Search & Rescue, Part 1


Search & Rescue, Part 1

New York’s Genelle Guzman believed she was going to die.

Trapped for over 24 hours after surviving the collapse of Tower Two of the World Trade Center (WTC) following the Sept. 11 terrorist-hijacked airplane attack, Guzman, then age 32, was engulfed in darkness and she could hear no noise of rescuers she hoped would come to her aid. She was badly injured, trapped, alone, and losing hope of rescue.

Guzman worked for the New York Port Authority on the 64th floor of Tower Two. She and over a dozen other co-workers were advised to stay in their offices when the initial terrorist plane struck the first WTC tower. But Guzman and her colleagues decided to evacuate the building when the second plane struck the tower in which she worked. She, a close friend and thousands of other people walked down emergency stairs toward the ground.

But Guzman, her friend, and many others didn’t make it out before the building collapsed around them. She remembers holding her friend’s hand, huddled in a stairwell corner, as the building came crashing thunderously down in an avalanche of debris, dust, concrete and steel.

Miraculously, Guzman survived the building collapse. But her legs were severely injured, and she was stuck under a pile of rubble, her head trapped between two immense cement pilings. She lost her friend forever in a cascade of tons of WTC debris.

“I’m going to die here,” she thought to herself in despair. “I am going to see myself slowly die here,”

As the minutes, and then hours, ticked slowly away, Guzman watched day turn into darkness. Her hope for survival and rescue waned as the long, gloomy night dragged on. She prayed, asking God for a miracle.

“Show me a sign that I am going to get out of here,” she remembers praying.

Roughly 27 hours after the building collapsed, Guzman heard noises, sounds she thought, she hoped, were rescuers searching for survivors. She shouted as loud as her weakened body allowed to draw attention to herself. The searchers returned her cry. Frantic to make more distinct sounds to aid rescuers in pinpointing her, Guzman used pieces of concrete to smash loudly against one another.

Firemen searching the rubble heard the concrete banging sounds and Guzman’s cries for help. They yelled back, and scanned the area with flashlight beams to find and reassure her that help was on the way.

She kept clanking concrete chunks loudly, which aided firemen in finding her. As she heard the rescuers getting closer Guzman wiggled one of her hands up through the rubble, toward the light and sounds of rescue aid. One of the fireman saw her moving hand, then heard her cries.

“I’ve got you,” he said as he clutched her outstretched fingers.

“Thank God,” she replied, relieved her terrorist-caused, survival ordeal was nearly over.

Genelle Guzman was the last person rescued from the WTC building collapse, only the fifth survivor pulled from the wreckage created by airplane terrorists. She endured 27 horrifying hours pinned painfully in a hodgepodge of twisted rubble. After a hospital stay and extensive rehabilitation, her life slowly return to near normal.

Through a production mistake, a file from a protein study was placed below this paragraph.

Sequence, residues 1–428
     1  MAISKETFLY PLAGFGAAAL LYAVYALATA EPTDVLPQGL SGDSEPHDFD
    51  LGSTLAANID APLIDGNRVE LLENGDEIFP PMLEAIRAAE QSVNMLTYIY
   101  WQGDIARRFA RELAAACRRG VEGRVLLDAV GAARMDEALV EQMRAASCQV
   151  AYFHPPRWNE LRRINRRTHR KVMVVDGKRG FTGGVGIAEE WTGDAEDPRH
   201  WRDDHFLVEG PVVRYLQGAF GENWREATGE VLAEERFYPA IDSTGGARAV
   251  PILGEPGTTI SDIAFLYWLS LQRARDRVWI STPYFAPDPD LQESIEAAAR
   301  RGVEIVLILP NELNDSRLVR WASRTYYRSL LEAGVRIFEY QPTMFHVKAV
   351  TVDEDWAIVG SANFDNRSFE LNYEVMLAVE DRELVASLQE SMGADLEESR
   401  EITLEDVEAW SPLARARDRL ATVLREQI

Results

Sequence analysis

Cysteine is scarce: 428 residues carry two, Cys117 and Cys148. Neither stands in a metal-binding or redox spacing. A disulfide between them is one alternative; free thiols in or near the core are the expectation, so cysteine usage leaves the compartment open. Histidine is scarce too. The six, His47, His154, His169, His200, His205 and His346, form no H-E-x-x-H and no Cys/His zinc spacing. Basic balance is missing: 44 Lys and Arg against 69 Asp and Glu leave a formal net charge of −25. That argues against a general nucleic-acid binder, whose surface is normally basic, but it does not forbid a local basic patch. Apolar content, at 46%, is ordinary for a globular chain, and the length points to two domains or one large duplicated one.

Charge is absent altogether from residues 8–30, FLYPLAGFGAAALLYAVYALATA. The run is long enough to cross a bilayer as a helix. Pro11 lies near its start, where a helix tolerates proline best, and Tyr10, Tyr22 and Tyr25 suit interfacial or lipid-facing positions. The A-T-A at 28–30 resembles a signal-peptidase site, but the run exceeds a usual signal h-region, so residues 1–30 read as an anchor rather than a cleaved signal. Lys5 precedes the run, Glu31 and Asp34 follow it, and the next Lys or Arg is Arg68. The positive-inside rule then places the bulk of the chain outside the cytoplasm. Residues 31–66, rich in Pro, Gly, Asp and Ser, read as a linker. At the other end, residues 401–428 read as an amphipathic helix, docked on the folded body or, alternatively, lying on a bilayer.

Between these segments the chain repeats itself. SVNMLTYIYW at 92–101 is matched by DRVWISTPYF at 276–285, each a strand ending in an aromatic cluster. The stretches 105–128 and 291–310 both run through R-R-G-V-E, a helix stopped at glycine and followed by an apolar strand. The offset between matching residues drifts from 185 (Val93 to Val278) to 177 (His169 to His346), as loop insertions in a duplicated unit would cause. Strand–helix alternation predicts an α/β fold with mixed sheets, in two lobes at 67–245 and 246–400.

Guzman’s survival is miraculous by any measure, but there are things to learn from her ordeal, lessons that can aid others who may one day be in a similar predicament.

“It sounds crazy—truly bizarre and strange—to talk about this in America, but with the terrorist threat all too real, it makes sense for everyone to be prepared for calamities like the Oklahoma City Federal Building bombing and the World Trade Center attacks,” says Les McCormick, a Jacksonville, Florida Fire Department captain, and member of the city’s special operations training cadre’–an elite team that trains specifically for such disasters. “We’re in an era now when urban survival training is important. It’s a life or death scenario, and people who are prepared to survive a terrorist attack will have a better chance of staying alive than civilians who do not.

“Victims can make it a lot easier for rescuers to locate them if they have a few helpful items with them. It’s sort of like the Boy Scout motto of ‘Be Prepared.’ It’s a shame that’s the way it is today in the United States. But that’s the way it’s going to be for some time, I’m afraid. Citizens should adopt the frontiersmen mentality of 100 years ago. If the pioneers needed something for survival, they made sure they had it with them at all times. And I mean all the time.”

McCormick says a standard police-type whistle is a simple piece of survival equipment easily carried by almost anyone that can quickly alert rescuers to the location of a trapped person. A shrill-sounding whistle would have made Genelle Guzman much easier to locate in the WTC rubble. While almost any whistle can be helpful, McCormick favors loud, never-fail Coast Guard-approved whistles. They are not bulky and easily can be put on a key chain and left in a pants pocket. They also can be worn unobtrusively on a lanyard around the neck, placed under a blouse, or even under a work shirt with coat and tie.

It takes time for rescue procedures to get underway at a large disaster site. To pull injured and trapped people out of isolated areas not obliterated in an initial disaster is not a simple procedure. This is especially true in the case of a large, multi-floor building like the WTC and the Oklahoma City Federal Building. So the longer a person in a disaster can survive on his own, the better the odds for his ultimate rescue.

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Bob McNally is currently a writer for AllOutdoor who has chosen not to write a short bio at this time.

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